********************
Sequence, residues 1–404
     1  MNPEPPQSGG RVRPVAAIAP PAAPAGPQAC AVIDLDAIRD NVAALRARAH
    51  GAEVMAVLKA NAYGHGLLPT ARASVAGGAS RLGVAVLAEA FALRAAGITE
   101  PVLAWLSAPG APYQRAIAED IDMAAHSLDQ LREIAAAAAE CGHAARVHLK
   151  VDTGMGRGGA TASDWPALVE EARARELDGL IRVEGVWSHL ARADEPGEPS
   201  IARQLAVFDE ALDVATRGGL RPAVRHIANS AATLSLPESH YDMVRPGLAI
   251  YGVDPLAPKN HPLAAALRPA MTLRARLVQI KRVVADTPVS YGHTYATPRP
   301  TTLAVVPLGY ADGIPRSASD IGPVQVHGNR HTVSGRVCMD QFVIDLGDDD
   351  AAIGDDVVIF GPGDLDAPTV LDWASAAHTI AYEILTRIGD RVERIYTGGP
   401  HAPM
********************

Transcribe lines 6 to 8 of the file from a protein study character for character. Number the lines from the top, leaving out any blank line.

   201  IARQLAVFDE ALDVATRGGL RPAVRHIANS AATLSLPESH YDMVRPGLAI
   251  YGVDPLAPKN HPLAAALRPA MTLRARLVQI KRVVADTPVS YGHTYATPRP
   301  TTLAVVPLGY ADGIPRSASD IGPVQVHGNR HTVSGRVCMD QFVIDLGDDD